This is actually a fiendishly difficult question to get a definitive answer to as photos that reveal whether side chains were actually connected are very rare. Almost all photos of trains seem to be the same boring front three quarter views and the only thing they reveal is whether side trains were fitted to the buffer beam: not whether they were used. However, from what photographic evidence I do have it seems that most metre gauge and some 60cm gauge railways did have side chains on locos and loco hauled rolling but almost never on railcars. Where side chains were fitted they were usually but not invariably used and this applied until the end on railways such as the Correze Tramway- the last steam tramway in public service in France.

 

Some local SG railways also had them far later than the main lines and seem generally to have used them at least with their own passenger stock well into the 1950s by when continuous brakes were universal.

 

AFAIK all the major metre gauge preservations in France including the Baie de Somme, Bas Berry (Blanc-Argent), both preserved section of the Vivarais and the Train des Pignes that runs on part of the CF de Provence have loco hauled stock fitted with side chains and all seem to be diligent about using them. So evidently is the IofM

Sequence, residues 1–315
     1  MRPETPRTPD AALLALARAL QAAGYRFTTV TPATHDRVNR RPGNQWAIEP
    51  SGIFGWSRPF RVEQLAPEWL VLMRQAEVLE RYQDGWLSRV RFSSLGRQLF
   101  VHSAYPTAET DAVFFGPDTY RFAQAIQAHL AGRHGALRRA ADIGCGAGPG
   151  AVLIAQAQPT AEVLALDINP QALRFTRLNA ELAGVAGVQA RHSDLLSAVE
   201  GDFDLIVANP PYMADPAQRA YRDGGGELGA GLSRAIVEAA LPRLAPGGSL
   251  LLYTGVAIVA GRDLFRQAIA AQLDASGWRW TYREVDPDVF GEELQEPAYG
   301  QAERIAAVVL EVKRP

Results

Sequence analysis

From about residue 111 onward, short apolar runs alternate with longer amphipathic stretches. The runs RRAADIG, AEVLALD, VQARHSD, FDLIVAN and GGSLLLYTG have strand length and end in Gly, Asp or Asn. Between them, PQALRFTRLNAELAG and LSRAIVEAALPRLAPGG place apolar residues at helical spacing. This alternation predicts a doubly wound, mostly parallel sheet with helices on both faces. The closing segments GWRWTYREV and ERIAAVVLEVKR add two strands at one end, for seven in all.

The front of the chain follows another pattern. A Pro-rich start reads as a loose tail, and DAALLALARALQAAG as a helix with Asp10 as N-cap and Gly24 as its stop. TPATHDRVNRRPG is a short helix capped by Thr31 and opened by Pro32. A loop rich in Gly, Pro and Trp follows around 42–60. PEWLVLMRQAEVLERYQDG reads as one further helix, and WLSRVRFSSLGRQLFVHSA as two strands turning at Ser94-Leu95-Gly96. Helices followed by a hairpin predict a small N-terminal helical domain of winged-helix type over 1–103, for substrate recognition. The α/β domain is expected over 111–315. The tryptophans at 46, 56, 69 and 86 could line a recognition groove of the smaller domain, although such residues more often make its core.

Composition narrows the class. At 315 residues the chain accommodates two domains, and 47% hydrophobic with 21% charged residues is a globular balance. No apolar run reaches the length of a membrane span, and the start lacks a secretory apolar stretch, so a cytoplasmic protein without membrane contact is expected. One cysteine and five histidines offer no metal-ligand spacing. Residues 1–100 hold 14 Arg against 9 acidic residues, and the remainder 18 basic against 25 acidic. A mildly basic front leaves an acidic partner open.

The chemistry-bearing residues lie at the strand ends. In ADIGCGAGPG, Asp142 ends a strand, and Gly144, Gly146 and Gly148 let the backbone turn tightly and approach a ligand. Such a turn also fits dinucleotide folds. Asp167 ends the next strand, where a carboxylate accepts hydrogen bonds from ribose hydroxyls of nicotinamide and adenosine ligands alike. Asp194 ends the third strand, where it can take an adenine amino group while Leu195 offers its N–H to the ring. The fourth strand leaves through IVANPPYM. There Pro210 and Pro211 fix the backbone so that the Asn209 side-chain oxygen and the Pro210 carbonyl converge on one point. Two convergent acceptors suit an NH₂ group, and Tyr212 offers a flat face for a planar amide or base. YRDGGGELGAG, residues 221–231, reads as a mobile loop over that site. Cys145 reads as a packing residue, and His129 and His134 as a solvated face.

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Side chains were in use on the Foxfield Railway during preservation until the early 1980s as the railway had dispensation to run without continuous brakes from '67 until the late 70s when vacuum brake systems were fitted to the locos.

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Hi Phil

Are you referring to the UK or France where local railways were subject to regulations imposed by the prefectures on top of any national legislation?

 

This is actually a fiendishly difficult question to get a definitive answer to as photos that reveal whether side chains were actually connected are very rare. Almost all photos of trains seem to be the same boring front three quarter views and the only thing they reveal is whether side trains were fitted to the buffer beam: not whether they were used. However, from what photographic evidence I do have it seems that most metre gauge and some 60cm gauge railways did have side chains on locos and loco hauled rolling but almost never on railcars. Where side chains were fitted they were usually but not invariably used and this applied until the end on railways such as the Correze Tramway- the last steam tramway in public service in France.

 

Some local SG railways also had them far later than the main lines and seem generally to have used them at least with their own passenger stock well into the 1950s by when continuous brakes were universal.

 

AFAIK all the major metre gauge preservations in France including the Baie de Somme, Bas Berry (Blanc-Argent), both preserved section of the Vivarais and the Train des Pignes that runs on part of the CF de Provence have loco hauled stock fitted with side chains and all seem to be diligent about using them. So evidently is the IofM

 

I was referring to standard gauge UK practice - and the C class on the Bluebell has them, but I have never seen them used (The P & H tanks don't have them, but they were mixed traffic designs as opposed to freight)